This once rough-around-the-edges industry was, for centuries, a man’s world. It would take a particularly tenacious individual to change the status quo.
Setting the Standards
The woman in produce who defines women in produce got her start nearly two decades after female laborers started to infiltrate the American workforce during World War II. The now 96-year-old marketing maven—affectionately dubbed the “queen of specialties”—simply wanted a job with a schedule that would allow her to care for her infant daughter. Frieda Caplan started as a clerk in 1957 at Giumarra Bros. in Los Angeles.
“I was never aware at that time (1950s-1960s) of how unusual it was that I was a woman in business,” says Caplan, founder of Frieda’s Specialty Produce Inc. “I never had a problem with the men on the market at all; once they got over the fact that I was a woman and they learned they could make money on the items I was selling, I had no problems,” she said in the 2015 documentary film about her life called “Fear No Fruit.”
But it wasn’t her gender that made Frieda successful. It was her drive and innate marketing skill of making weird things “cool” that got produce buyers talking. In 1962, Frieda opened her own business on the Los Angeles Wholesale Produce Market, becoming the first woman in the U.S. to own and run a produce company on the all-male market. She introduced the Chinese gooseberry—which she successfully renamed “kiwifruit” in the U.S.—that year and built a business based around specialty produce items.
A standout in the industry, Caplan was the first woman to receive The Packer’s “Produce Man of the Year” award in 1979, which she reportedly handed back to the organizer. The award was soon renamed “The Produce Marketer of the Year.”
Seeing Challenges as Opportunities
So, was it challenging being a woman in a man’s world? Undoubtedly. The long-standing women in produce just didn’t always see it as such.
“I was raised by a woman who did not see obstacles, so I didn’t see obstacles,” says Karen Caplan, Frieda’s oldest daughter and president of Frieda’s Specialty Produce, who’s been selling fresh produce for more than 40 years. “I literally didn’t know that I was unusual.” From a young age, she viewed challenges as opportunities. “If I can’t go through that door—if no one was buying horned melons—I’d just try another approach.”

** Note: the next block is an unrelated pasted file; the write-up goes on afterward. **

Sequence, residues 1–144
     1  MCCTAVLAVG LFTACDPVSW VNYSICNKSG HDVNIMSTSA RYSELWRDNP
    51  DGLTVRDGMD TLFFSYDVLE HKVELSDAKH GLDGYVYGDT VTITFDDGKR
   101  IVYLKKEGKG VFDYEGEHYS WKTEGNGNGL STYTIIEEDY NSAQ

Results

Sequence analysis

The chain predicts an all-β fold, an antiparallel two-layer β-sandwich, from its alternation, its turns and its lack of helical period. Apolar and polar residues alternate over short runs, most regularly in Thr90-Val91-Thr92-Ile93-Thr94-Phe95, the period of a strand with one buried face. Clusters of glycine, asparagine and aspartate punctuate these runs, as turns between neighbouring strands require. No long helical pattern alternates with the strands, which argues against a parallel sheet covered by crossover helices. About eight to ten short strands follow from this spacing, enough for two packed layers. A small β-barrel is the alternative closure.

In the early days of women in produce, those who managed to be successful seemed to accept the challenge almost without thinking.
“I think when I got into it, I didn’t think it was hard,” says 30-year industry marketer Cindy Jewell, vice president of marketing for California Giant Berry Farms. “I’m so used to being the only woman in the room, I don’t think about it.
Although, when I was younger and not in a management position, I was always the one asked to take notes,” she remembers. “I think it’s harder to be taken seriously sometimes.”
In the produce industry, Karen Caplan says she never really experienced a lack of respect. But she did recall one time at a convention in Texas where a tortilla salesman didn’t take her seriously. “He didn’t know who I was or my products,” she says. After repeatedly trying to engage the gentleman, Caplan stepped up her game. “The only way I could get him to pay attention to me was … I swore, and then I recounted a story of firing someone. Then, all of the sudden, he paid attention. It was like, ‘Oh, OK, you really are a president/CEO.’”
Caplan’s daughter Alex Berkley, Frieda’s director of sales, recognizes the advantages of being the third generation of women in produce.
“I’m pretty grateful I came into the business during a time when there was a push to get more women in the industry,” Berkley says. “I’ve always been part of a family where all the women worked and have a different perspective than others. I’m grateful for growing up around powerful, confident, successful women.”
Longtime produce industry leader Tonya Antle grew up on a farm, but even that wasn’t enough to automatically bring her clout as a woman in produce.
“Initially, I had to tell my back story to give myself the street credit—I had to create credibility for myself,” Antle says. She’d usually start out talking about her first job at age 10 driving a tractor—to the response of “Oh, you’re a farm girl!”—and build from there.
Hard work in the produce industry is a given. But female colleagues in the business seem to possess a tenacity, a determination that fuels them.
“I felt like at times that I wasn’t sure if a guy a would do the job the way I would do it. I would work longer hours, be more careful, be more prepared, be more conscientious,” says Karin Gardner, director of corporate communications at The Oppenheimer Group. “And I would watch my male colleges come in and wing it, and be fine,” Gardner says.
“I put in more effort, but it really paid off.”
Those skills translated into bringing Gardner more opportunities. “Being young and having to prove myself helped in other areas of my life,” says the nearly 30-year produce industry expert. Gardner felt like she was asked to take part in various industry task forces because she was prepared and known for being a hard worker.
“There is an enormous amount of studies out there that say women have to work harder and study harder, and do double the work of men. I totally agree with that,” says Julie Escobar, vice president of Sun World International, who’s been in the industry more than 20 years. She also notes that cultural nuances shape the way the gender is received sometimes. Women are perceived differently in Latin America than in the U.S. and differently, too, in Asia, she notes. “I had to develop a very strong personality to be able to be seen and have a strong voice.”